Wednesday, 6 November 2019
An tOrd Gnó - Order of Business
Rónán Mullen (Independent)
I want to pay tribute to the absolute common sense of Senator Marie-Louise O'Donnell, where she mentions the proposed reforestation of Ireland on a scale not seen since ancient times. This is something I raised, not yesterday but on the previous occasion, albeit not so much in respect of forestry. In the previous climate debate we had with the Minister, I spoke about very ambitious targets being put willy-nilly into the proposals to prevent the worst excesses of climate change. I spoke about the targets to have a certain million number of electronic cars by a certain date. I raised the same issue that Senator Marie-Louise O'Donnell is raising, which is that if there is no relationship between goals and their achievability, that is, if one sets unachievable goals for people, the whole process is brought into disrepute. A signal is sent out that what one is really doing is box-ticking for the sake of some other authority in order that something looks good on paper. That might satisfy campaigners who are interested in virtue signalling around climate but it is no way to lead the public towards change that is needed. There must be honesty about what is achievable and one cannot be setting targets that look ridiculous on paper or are ridiculous in reality as one then brings the whole process into disrepute.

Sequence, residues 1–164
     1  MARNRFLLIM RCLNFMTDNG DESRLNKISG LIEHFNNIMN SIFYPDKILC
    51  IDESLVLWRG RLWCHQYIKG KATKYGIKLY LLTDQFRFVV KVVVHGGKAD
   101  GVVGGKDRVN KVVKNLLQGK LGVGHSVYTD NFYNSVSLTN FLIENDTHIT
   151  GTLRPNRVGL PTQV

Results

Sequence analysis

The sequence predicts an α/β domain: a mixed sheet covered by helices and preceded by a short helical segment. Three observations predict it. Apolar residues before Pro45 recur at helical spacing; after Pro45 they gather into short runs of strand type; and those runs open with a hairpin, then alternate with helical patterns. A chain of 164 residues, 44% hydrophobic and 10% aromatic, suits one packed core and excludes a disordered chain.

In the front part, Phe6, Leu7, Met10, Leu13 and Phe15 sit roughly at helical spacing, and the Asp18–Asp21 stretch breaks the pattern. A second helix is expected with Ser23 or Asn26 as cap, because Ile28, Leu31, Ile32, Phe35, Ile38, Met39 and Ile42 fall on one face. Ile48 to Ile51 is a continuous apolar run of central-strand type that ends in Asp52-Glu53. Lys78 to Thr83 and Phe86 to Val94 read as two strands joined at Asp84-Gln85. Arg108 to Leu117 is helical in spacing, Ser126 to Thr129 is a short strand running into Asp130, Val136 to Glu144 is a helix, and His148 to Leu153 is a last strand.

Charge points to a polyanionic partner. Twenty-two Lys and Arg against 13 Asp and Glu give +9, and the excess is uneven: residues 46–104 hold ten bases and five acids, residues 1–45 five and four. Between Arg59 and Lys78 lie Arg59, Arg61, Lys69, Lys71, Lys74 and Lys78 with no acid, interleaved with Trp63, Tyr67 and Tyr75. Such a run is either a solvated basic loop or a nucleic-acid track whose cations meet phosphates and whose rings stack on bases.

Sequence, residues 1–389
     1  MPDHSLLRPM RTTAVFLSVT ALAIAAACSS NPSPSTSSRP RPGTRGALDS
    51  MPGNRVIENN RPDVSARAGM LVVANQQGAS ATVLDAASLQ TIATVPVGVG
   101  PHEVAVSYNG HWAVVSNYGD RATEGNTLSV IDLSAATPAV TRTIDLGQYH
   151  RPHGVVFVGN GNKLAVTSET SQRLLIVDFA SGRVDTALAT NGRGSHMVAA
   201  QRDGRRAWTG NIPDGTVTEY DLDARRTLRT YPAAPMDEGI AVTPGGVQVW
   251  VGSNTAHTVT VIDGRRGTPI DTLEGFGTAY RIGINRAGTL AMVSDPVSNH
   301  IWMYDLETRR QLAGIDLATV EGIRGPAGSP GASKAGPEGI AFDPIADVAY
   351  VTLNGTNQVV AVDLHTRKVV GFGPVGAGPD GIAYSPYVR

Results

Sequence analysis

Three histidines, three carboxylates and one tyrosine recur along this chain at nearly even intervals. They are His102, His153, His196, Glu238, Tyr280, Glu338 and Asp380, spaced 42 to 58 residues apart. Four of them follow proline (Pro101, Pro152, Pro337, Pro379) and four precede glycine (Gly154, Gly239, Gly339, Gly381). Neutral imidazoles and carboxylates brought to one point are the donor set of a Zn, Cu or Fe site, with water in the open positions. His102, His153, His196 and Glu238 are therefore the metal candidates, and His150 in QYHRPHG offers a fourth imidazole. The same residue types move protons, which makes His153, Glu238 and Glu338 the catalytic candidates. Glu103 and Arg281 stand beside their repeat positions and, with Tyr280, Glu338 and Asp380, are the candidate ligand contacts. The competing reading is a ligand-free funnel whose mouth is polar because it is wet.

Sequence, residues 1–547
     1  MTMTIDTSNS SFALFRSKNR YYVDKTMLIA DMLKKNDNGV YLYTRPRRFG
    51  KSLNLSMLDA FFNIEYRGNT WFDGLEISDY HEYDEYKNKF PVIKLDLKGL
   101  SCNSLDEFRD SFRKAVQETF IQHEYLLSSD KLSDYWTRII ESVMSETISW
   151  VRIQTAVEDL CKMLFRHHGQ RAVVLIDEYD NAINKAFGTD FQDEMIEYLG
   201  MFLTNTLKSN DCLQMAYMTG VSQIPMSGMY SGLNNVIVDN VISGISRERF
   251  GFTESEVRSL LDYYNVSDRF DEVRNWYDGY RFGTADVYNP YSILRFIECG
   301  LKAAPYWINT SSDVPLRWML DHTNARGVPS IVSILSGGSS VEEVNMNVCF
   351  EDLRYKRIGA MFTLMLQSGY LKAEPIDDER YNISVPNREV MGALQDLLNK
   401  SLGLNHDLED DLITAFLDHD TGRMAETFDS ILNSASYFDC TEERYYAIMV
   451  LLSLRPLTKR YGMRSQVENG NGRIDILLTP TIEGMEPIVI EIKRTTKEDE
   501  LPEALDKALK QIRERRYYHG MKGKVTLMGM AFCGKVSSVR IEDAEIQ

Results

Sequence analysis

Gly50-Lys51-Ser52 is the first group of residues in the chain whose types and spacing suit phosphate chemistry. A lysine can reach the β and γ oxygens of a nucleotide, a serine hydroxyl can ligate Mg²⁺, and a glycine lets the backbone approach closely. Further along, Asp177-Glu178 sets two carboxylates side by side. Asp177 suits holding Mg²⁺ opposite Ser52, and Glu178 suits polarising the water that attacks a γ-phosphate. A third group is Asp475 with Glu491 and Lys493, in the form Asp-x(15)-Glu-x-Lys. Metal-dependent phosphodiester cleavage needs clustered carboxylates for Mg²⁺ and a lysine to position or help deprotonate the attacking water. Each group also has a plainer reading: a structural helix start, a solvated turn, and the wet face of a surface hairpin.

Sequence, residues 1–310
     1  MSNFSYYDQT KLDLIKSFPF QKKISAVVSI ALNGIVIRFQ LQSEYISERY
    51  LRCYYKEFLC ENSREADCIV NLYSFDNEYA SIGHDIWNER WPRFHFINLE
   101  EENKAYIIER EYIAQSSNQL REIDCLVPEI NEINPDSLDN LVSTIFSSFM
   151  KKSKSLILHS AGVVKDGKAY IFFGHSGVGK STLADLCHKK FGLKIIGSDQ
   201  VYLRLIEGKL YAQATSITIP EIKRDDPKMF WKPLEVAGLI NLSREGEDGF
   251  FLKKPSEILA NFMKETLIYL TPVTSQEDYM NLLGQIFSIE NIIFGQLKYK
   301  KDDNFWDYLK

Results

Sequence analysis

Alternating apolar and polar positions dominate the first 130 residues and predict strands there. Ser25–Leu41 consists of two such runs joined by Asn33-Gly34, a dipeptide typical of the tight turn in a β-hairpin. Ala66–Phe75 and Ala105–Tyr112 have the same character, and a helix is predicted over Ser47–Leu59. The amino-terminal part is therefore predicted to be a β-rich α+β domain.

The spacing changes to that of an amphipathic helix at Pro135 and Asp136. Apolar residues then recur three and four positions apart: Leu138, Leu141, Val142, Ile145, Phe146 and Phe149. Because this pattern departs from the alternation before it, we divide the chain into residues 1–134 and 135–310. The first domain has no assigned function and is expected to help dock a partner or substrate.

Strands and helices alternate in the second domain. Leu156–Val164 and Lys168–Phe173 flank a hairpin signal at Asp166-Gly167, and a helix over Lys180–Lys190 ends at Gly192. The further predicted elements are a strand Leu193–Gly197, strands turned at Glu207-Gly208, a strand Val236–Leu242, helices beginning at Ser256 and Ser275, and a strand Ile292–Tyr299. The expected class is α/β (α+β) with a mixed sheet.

Somewhat in the same vein, I want to pick up what has been said in respect of our policy on asylum seekers and economic migrants, which was something that I had intended to speak on yesterday but because of the tributes to Gay Byrne, I decided to wait until today. Senator McDowell made some prophetic references yesterday to what is in his article in The Irish Timestoday. He is absolutely right to insist upon a distinction between asylum seekers and people who are fleeing poverty. To do so is not to evince any lack of sympathy for those who are seeking to escape poverty or to suggest that we should do nothing to help such people, it is simply to say that distinctions matter.